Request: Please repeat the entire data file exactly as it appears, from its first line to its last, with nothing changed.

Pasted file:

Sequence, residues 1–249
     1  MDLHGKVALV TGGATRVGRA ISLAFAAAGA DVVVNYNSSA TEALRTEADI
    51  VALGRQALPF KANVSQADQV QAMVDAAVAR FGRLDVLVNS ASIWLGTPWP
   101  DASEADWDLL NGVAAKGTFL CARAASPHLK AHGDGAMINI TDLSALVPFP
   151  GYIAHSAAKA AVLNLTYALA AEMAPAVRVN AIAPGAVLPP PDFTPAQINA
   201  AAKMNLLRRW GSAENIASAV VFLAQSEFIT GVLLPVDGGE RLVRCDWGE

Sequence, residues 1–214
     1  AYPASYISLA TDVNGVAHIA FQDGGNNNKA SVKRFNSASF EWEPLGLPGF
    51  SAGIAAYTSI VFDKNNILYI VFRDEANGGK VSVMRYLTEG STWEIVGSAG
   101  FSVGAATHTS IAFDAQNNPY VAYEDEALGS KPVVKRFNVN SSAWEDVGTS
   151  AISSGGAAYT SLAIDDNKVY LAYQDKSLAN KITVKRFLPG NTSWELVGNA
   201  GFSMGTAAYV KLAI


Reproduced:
Sequence, residues 1–249
     1  MDLHGKVALV TGGATRVGRA ISLAFAAAGA DVVVNYNSSA TEALRTEADI
    51  VALGRQALPF KANVSQADQV QAMVDAAVAR FGRLDVLVNS ASIWLGTPWP
   101  DASEADWDLL NGVAAKGTFL CARAASPHLK AHGDGAMINI TDLSALVPFP
   151  GYIAHSAAKA AVLNLTYALA AEMAPAVRVN AIAPGAVLPP PDFTPAQINA
   201  AAKMNLLRRW GSAENIASAV VFLAQSEFIT GVLLPVDGGE RLVRCDWGE

Sequence, residues 1–214
     1  AYPASYISLA TDVNGVAHIA FQDGGNNNKA SVKRFNSASF EWEPLGLPGF
    51  SAGIAAYTSI VFDKNNILYI VFRDEANGGK VSVMRYLTEG STWEIVGSAG
   101  FSVGAATHTS IAFDAQNNPY VAYEDEALGS KPVVKRFNVN SSAWEDVGTS
   151  AISSGGAAYT SLAIDDNKVY LAYQDKSLAN KITVKRFLPG NTSWELVGNA
   201  GFSMGTAAYV KLAI